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Every now and then it is necessary to remind people that cable television has become the defining storytelling medium of the first part of this century. True storytelling artists are always drawn to the medium that allows them to ask the big questions while reaching the largest audience. At one point, the novel was that medium. At another, it was film. For the past 15 years, it's been TV.

Breaking Bad was and is part of the evidence for this assertion. The radical change wrought upon Walter White (Bryan Cranston) after a cancer diagnosis became a spectacular narrative about values, crime and class in America. News that Breaking Bad would merit a spinoff was discombobulating. Could it possibly succeed?

Better Call Saul (Sunday, Monday, AMC, 10 p.m.) is it and it is, on the evidence of the first two episodes, a work of genius. It is serious-minded, funny, compelling, visually glorious and radiant with meaning. It is about a crack-up, the collapse and rebooting of a moral compass.

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The opening scene is a stunner. In a long black-and-white sequence we enter a mall and are enveloped in its air-conditioned, antiseptic environment.; it could be anywhere but you sense it is the United States. The camera leisurely glides through the stores and coffee shops and comes to rest at a Cinnabon, one of those bland, ubiquitous places serving cinnamon rolls and other baked goods. A guy is rolling dough at a lazy, deliberate pace. It looks like it might be Saul Goodman (Bob Odenkirk), that mesmerizing sleazy lawyer from Breaking Bad. Certainly, there's a pair of eyes, not just the camera, watching him.

Then it is back to six years before the events of Breaking Bad. (A visual vagary is the use of black and white for the present and startling colour palettes for the past.) We meet Saul before he was Saul – James (Jimmy) Morgan McGill, a stressed, ambitious but fatally under-employed Albuquerque lawyer. He takes cases as a public defender and seems to be on the verge of collapse. Among the many irritations that beset him is a daily spat with Mike Ehrmantraut (Johnathan Banks), a parking-lot attendant. Yes, that's Mike the Enforcer, long before he was the Enforcer on Breaking Bad.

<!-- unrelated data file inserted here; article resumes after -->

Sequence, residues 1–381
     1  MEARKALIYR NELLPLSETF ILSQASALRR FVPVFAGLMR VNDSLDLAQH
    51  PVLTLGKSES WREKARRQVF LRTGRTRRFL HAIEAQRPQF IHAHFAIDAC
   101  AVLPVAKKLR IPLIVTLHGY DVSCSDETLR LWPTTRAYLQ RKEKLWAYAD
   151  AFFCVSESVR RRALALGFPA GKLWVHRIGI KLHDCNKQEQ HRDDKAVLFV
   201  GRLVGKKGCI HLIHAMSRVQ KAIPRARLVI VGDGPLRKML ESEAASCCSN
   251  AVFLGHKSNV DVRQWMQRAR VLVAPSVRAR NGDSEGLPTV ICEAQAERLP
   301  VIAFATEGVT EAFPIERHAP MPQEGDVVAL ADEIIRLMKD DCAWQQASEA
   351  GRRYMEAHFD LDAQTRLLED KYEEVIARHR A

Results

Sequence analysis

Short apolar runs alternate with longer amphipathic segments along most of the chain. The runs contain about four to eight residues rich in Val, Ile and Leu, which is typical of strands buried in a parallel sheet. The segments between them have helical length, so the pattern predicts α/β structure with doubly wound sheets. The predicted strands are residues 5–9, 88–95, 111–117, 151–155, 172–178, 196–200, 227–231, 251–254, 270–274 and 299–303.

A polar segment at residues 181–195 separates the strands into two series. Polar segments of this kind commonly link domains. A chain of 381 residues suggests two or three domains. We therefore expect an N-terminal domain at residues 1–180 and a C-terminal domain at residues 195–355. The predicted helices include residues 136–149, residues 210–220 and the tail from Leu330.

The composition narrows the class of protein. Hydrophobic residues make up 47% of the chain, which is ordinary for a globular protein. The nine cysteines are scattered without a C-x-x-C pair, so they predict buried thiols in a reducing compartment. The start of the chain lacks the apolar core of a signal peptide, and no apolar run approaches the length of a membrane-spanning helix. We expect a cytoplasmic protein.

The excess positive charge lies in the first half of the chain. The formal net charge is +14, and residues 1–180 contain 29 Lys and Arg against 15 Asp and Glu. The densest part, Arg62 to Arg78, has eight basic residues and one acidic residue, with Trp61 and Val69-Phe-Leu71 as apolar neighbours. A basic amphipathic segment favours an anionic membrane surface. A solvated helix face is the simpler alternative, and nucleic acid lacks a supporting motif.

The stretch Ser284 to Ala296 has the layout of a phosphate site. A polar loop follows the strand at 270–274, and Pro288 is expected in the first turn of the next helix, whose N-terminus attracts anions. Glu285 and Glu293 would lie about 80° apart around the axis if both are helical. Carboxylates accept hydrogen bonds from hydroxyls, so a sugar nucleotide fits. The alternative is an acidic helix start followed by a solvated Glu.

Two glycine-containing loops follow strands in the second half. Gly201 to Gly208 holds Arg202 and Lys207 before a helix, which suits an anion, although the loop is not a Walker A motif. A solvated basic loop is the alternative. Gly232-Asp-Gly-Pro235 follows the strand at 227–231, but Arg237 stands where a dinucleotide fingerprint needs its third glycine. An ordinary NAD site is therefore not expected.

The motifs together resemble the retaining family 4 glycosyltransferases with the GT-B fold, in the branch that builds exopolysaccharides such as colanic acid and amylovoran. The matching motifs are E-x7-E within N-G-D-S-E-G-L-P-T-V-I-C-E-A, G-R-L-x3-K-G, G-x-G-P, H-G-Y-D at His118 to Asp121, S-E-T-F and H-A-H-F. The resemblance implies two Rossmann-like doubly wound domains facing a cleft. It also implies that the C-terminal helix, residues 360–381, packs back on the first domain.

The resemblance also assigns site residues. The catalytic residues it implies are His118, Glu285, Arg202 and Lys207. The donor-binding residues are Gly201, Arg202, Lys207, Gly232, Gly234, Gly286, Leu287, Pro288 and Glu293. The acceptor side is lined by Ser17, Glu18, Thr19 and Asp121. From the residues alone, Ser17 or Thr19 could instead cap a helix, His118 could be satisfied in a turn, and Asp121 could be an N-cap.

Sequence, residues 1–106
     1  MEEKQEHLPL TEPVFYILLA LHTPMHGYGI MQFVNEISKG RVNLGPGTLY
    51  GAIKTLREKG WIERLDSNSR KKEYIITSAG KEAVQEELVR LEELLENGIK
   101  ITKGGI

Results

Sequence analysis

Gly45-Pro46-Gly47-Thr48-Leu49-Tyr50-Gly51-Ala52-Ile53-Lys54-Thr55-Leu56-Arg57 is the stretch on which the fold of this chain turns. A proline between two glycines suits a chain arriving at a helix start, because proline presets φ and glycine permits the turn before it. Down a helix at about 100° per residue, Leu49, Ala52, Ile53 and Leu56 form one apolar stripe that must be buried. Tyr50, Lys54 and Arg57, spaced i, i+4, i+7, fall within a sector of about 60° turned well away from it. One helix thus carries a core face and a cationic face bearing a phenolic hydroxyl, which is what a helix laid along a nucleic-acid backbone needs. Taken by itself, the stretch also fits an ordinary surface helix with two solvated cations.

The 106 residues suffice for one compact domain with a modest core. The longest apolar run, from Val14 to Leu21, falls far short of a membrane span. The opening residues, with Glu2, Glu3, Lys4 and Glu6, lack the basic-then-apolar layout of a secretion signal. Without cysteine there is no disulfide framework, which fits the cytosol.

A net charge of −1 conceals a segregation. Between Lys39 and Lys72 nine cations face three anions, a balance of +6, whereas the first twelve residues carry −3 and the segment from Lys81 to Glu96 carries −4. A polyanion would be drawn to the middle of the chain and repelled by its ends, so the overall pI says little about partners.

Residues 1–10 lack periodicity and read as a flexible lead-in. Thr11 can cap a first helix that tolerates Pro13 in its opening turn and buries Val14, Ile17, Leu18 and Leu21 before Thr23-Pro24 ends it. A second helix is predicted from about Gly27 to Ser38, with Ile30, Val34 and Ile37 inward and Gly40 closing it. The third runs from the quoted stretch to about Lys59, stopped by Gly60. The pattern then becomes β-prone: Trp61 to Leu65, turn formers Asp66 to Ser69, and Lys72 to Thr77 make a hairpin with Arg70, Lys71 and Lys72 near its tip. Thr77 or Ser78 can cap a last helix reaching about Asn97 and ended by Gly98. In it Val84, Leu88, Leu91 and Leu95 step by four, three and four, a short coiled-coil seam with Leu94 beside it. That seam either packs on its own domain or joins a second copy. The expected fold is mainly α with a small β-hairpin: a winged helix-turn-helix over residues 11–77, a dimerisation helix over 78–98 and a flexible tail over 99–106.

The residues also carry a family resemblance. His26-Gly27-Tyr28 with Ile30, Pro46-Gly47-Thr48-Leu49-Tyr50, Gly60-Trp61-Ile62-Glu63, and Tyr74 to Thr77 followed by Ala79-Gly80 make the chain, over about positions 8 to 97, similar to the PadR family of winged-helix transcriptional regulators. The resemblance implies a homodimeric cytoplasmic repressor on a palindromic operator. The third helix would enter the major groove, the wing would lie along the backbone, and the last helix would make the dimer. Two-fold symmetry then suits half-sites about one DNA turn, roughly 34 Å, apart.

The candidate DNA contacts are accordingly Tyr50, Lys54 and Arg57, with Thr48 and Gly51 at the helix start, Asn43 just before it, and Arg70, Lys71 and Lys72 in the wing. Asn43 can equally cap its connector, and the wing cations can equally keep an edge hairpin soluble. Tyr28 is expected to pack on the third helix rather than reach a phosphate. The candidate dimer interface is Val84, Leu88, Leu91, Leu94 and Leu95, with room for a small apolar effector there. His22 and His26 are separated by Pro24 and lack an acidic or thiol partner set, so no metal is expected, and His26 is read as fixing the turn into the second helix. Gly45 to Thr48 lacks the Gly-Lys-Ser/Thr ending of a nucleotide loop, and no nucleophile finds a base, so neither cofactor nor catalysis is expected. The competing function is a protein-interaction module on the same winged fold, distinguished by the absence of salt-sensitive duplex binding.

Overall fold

What we get is a rich portrait of Jimmy, a sad sack who has an ocean of potential inside him and yet is on the brink of going awry. We meet his older brother, Chuck (Michael McKean), a partner at a big law firm who had to quit working because of a mental illness. It's Jimmy's job to care for Chuck and sue his brother's former employer. We meet two teenage scammers, kids with skate- boards who run into moving cars and demand compensation. It's a glorious piece of dark comedy, redolent of Breaking Bad's defining black humour tinged with serious questions of morality, big and small.

Let's just say, too, that By the end of the second episode (airing Monday), there's a criminal with whom Saul is entangled, one Nacho (Canadian Michael Mando, best known for Orphan Black), and there is the distinct stirring of a strangeness in the New Mexico sunshine that you feel is going to be both intense and comical in a hallucinatory way.

There was reason to be skeptical about Better Call Saul. Reason to suspect that Breaking Bad would be sullied by a spinoff that didn't quite deliver. But this is clearly a new work, not a dilution at all. Vince Gilligan, who created Breaking Bad and is working here with Peter Gould, who created the original Saul character, is moving forward, ever more adept at the nuances of powerful television storytelling – from the lustrous visual to the subtle inclusion of allegory in the most seemingly comic-book of story progressions. Odenkirk is magnificent in the main role and the series is one to savour from those astounding opening minutes onward.

Also airing this weekend

The Walking Dead (Sunday, AMC, 9 p.m.) returns. The episode, What Happened and What's Going On, apparently opens immediately after the final scene of the fall season finale – the burial of Beth (Emily Kinney), with her sister Maggie (Lauren Cohan) profoundly distraught. Then Rick presents a new plan for survival: The group will attempt to travel to Richmond, Va. A plan that will, the audience knows, be deadly, brutal and as unforgiving as the show itself.

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The 57th Annual Grammy Awards (Sunday, CBS, City, 8 p.m.) is what it emphatically is – hair, fashion, music and celebrating what is already commercially established as popular music. Performers this year include Katy Perry, Madonna, Kanye West, Ariana Grande, Lady Gaga and AC/DC. That's just a partial list. The draw, if your thing is music, not just hair, fashion and celebrity, is the possibility of unique combinations and mash-ups. It goes on for hours and overlaps with The Walking Dead and Better Call Saul. So plan your Sunday accordingly.

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